Black-owned businesses have practically vanished over the past 30 years.
Many see Black-owned business as something local and insignificant. This World-War II era picture (originally displayed in the National Museum of African American History and Culture in Washington, D.C.) is for you. It shows a mini parachute manufactured by the Black-owned Pacific Parachute Company, home to one of the nation’s first racially integrated production plants.
Black Enterprise magazine has created the BE 100s, the magazine’s annual ranking of the nation’s top 100 Black-owned businesses. This year World Wide Technology has made to the top of the list. The company found in 1990, has grown into a global firm with more than $7 billion in revenue and 3,000 employees. The other leaders included Radio One, whose 55 radio stations fan out among 16 national markets and Oprah Winfrey’s Harpo Productions.
Unfortunately, the detailed analysis reveals that these pioneering companies are the exception to a far more alarming trend. During the last 30 years, many Black-owned independent businesses and financial institutions have collapsed.
Only 23 of 60 Black-owned banks which were providing financial services to their communities in 1985 have survived until today. Of the 50 Black-owned insurance companies that operated during the 1980s, today just two remain.
The same tendency is observed in every sphere. As a result working-age, Black Americans have almost no chance of becoming be their own bosses. The per-capita number of Black employers, for example, declined by some 12 percent just between 1997 and 2014.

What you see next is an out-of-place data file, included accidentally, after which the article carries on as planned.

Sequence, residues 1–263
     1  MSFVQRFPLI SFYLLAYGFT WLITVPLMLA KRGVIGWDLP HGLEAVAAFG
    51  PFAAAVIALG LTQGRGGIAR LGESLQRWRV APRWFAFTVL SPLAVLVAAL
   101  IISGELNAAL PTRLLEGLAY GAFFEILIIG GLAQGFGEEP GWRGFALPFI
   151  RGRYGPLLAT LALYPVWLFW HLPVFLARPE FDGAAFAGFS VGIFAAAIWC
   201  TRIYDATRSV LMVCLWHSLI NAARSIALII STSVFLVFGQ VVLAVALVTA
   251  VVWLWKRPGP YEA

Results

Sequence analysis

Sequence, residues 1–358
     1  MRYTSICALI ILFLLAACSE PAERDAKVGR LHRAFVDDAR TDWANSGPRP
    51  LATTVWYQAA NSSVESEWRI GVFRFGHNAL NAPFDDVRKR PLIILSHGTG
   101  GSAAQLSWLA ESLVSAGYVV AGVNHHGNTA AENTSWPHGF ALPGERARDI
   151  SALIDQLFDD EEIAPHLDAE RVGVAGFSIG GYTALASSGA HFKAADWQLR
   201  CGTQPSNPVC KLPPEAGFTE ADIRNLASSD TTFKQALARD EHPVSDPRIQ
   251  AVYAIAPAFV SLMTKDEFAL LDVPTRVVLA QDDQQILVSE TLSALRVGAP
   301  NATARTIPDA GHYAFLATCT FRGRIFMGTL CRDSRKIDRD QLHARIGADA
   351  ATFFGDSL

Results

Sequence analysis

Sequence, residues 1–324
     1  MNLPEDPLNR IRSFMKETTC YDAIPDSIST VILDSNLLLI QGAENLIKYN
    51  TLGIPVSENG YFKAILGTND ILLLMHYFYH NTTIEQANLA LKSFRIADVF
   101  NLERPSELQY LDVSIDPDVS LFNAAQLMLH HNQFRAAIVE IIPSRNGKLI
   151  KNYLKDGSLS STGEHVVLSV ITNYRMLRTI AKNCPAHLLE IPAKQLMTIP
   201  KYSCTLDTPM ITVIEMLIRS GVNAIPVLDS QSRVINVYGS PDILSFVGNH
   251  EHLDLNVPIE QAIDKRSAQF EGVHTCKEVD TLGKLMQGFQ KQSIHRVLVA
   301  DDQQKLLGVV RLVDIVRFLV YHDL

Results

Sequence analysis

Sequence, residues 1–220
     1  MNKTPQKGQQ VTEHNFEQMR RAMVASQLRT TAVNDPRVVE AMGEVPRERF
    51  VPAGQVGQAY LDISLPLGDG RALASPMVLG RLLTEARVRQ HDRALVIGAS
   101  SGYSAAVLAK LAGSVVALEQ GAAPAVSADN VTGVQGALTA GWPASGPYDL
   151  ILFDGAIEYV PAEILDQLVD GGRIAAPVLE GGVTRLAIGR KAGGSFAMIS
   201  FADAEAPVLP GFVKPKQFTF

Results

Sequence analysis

From 2007 to 2012, for example, the number of Black-owned businesses in the NY city declined by more than 30%.
The decline of Black-owned independent businesses is caused by many reasons traces back to many causes. One of them is the fact that the Black community is becoming a smaller percentage of the overall city population and as a result plays less role in its life. For example, while making 22% of the city’s population, Black New Yorkers now own just 3% of local businesses.
The other very serious reason is the decline in the enforcement of anti-monopoly and fair-trade laws beginning in the late 1970s. Monopolism literally violates the rights of small retailers and institutions depriving them of the possibility of starting and maintaining an independent business. That is why the fight for the Black-owned business only starts with buying Black then it goes further to the level of Civil Rights Activism and legislative initiative.